Advertisement
YOU ARE HERE: LAT HomeCollections

Defense Provides Tritons With No. 2 Ranking : UCSD Women Have Recorded 10 Shutouts Though Playing a Tough Schedule

October 27, 1987|MARC APPLEMAN | Times Staff Writer

LA JOLLA — At the start of the soccer season, UC San Diego defender Susan Kramer and forward Heather Mauro made a friendly bet. It seemed to be weighted in Mauro's favor, because part of it had to do with scoring goals and forwards are in position to score more goals than defenders.

Mauro, in fact, has a team-high 14 goals, but Kramer surprisingly has six. As a concession to her position, her goals count triple. Obviously, she is holding her own.

However, another part of this friendly wager had to do with shutouts. Kramer, being the defender, would cash in on shutouts. This is where she is really doing well.

UCSD has 10 shutouts, including a remarkable eight straight earlier this season. Sophomore goalkeeper Julie Freiss has credit for all the shutouts and has a 0.77 goals per game average. The team has allowed only 12 goals in 16 games.

"We have an awesome defense," Mauro said.

A stingy defense and potent offense have led the Tritons to an 12-3-1 record and No. 2 ranking in Division III. UCSD, which plays host to Chapman at 1 today at UCSD, starts eight sophomores.

This has been quite a rebuilding year. Last season, the Tritons shut out 16 opponents, but have since lost their coach, three key offensive players and their goalkeeper.

UCSD's record this season is particularly impressive because it is 4-3 against schools playing Division I competition. UC San Diego defeated Chapman, 2-0, UC Irvine, 2-0, United States International University, 1-0, and Cal Poly Pomona, 2-1. UCSD lost 3-0 to CSU Dominguez Hills in the season opener, 2-0 in overtime to UC Santa Barbara (ranked in the Top 10 in Division I) and 4-0 to Cal in the All-Cal Tournament held at UC Davis earlier this month. Because there is no Division II women's soccer, schools that offer scholarships and would ordinarily play in Division II must play Division I.

"We play a stiff program," said first-year Coach Brian McManus, who was the men's assistant coach at UCSD last season.

"Playing Division III all the time would be no fun," McManus said. "You know you'd win, 4-0. It's pointless."

Against Division III schools, which do not offer athletic scholarships, the Tritons are 7-0-1. In those games, they have outscored opponents, 31-1, and have shutouts in all seven victories. The Tritons also have a 2-1 victory over Westmont, an NAIA school.

McManus said the Tritons have to play about half of their games against Division III opponents in order to qualify for the NCAA Division III postseason tournament. This season, the Tritons will play nine of their 20 games against Division III teams.

"Everyone on Division I and II teams are really good players," Mauro said. "A lot of these girls are going to these schools to play soccer. We're going to school here, and we play soccer."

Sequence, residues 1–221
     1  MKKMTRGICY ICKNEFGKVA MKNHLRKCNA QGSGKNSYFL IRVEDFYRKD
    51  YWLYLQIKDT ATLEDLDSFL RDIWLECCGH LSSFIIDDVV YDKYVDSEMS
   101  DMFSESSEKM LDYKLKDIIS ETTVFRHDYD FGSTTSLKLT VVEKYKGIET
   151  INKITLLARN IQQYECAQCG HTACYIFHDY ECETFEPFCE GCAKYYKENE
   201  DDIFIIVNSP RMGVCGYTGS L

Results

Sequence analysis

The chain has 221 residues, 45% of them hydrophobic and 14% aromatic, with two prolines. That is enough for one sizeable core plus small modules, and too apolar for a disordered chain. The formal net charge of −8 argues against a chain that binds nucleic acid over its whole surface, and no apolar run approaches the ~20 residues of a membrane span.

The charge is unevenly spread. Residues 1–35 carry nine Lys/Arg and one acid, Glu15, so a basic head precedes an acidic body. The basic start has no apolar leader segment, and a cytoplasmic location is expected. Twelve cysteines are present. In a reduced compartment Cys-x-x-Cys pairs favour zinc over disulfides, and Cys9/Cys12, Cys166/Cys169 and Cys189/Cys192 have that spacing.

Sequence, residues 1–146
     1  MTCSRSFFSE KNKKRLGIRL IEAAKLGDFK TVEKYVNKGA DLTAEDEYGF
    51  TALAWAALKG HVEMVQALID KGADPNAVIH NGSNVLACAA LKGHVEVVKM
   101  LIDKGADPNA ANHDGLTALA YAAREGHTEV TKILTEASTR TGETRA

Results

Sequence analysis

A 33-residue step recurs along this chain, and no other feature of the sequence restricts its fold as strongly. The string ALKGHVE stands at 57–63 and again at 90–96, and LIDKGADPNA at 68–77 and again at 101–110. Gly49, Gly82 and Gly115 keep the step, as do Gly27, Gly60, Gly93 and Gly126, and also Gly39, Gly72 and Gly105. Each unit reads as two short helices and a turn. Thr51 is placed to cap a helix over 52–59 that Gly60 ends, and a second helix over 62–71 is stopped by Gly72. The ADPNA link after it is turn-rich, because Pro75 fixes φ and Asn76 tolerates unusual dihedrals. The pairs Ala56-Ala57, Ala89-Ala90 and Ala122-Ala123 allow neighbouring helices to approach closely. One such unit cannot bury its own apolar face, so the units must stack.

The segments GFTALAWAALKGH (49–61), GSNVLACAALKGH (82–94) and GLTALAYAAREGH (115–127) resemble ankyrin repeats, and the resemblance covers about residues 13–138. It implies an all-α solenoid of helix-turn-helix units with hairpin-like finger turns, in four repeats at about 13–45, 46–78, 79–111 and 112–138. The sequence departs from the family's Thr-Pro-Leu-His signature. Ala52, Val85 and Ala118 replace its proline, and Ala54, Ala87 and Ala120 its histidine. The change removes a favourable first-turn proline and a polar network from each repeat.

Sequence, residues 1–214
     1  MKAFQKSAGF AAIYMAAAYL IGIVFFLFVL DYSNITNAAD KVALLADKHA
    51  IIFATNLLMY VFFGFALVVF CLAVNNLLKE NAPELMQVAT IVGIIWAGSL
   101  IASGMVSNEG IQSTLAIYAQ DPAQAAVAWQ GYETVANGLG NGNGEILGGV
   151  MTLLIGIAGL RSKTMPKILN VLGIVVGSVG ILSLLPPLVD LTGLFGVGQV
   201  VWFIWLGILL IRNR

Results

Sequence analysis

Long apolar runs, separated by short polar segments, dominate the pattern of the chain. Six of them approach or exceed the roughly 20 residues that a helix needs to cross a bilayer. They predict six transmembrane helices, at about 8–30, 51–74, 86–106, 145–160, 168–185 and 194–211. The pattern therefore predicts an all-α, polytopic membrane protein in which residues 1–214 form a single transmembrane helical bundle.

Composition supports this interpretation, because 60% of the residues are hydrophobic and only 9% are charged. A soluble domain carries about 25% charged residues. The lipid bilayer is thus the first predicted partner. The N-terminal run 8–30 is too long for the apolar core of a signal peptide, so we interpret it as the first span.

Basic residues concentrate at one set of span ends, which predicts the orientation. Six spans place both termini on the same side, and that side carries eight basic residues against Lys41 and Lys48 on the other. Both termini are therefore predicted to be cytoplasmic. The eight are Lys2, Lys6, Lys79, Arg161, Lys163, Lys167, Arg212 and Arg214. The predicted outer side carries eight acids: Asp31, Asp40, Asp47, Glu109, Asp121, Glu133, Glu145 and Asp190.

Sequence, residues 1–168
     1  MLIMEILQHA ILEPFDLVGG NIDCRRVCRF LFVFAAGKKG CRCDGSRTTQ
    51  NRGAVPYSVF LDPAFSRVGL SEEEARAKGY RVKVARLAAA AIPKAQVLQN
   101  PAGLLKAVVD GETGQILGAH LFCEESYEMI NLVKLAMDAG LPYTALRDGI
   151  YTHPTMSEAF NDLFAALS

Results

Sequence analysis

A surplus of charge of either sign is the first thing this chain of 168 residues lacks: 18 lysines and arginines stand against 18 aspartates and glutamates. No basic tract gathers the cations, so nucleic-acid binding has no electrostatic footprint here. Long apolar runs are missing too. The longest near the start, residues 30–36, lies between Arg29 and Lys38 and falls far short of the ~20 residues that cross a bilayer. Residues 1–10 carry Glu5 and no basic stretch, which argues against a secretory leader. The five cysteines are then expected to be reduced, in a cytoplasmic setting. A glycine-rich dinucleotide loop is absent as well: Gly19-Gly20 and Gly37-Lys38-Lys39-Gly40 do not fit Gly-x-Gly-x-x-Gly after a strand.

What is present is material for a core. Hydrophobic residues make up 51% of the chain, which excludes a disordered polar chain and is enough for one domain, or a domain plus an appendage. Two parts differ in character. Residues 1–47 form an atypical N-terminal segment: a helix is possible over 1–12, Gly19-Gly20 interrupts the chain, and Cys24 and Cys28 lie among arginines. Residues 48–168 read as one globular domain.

Like the rest of her teammates, Kramer played high school soccer, but she said her goal wasn't to play soccer for a Division I or II college.

"I wasn't really looking for that," said Kramer, who attended Gunn High in Los Altos Hills. "I have no idea if I could have gotten one (a scholarship). I'd be interested to know, but I guess it's too late."

Sophomore forward Felicia Faro of University High, one of five Tritons from San Diego high schools, said she could have gone to UC Santa Barbara and probably would have made the team as a walk-on, but she would not have had the opportunity to play as much or as quickly.

"Here, everyone is pretty even," Faro said. "It's not like there are superstars. A lot of girls came together as one unit."

When McManus greeted his team in mid-August, it was the first time the former Scottish and English first division player had coached women.

"It's different with a capital D," said McManus, who played and coached with the Nomads of the Western Alliance League the past two summers. "They take criticism, but it depends how you put it to them."

The Tritons held two-a-day practices for a month starting in mid-August, but since school started, the team has practiced whenever possible. Also, they run on the beach at La Jolla Shores at night.

"Whenever we can get together, we get together," McManus said. "Whether it be five, six or seven players . . . We try not to take it too serious. We play for fun."

And also for a chance to win a championship. Former UCSD Coach John Leaney, now at Macalester College in Minnesota, led the Tritons to a 15-5-4 record and a third-place finish in the Division III tournament last season. In the semifinals, the Tritons lost to champion Rochester University, 2-0, in ice and rain at Cortland State in New York last spring.

"We're not used to playing in that weather," Mauro said. "The two goals they scored were scored in the first 15 minutes of the game when we couldn't even stand up. It was like playing in tennis shoes on an ice skating rink."

After that experience, Mauro said the Tritons think they have something to prove against Eastern schools. Earlier this season, they tied Cortland State, 1-1, at UCSD.

"Teams from back East don't think we can do anything," Mauro said. "We can win the national championship this year."

Advertisement
Los Angeles Times Articles
|
|
|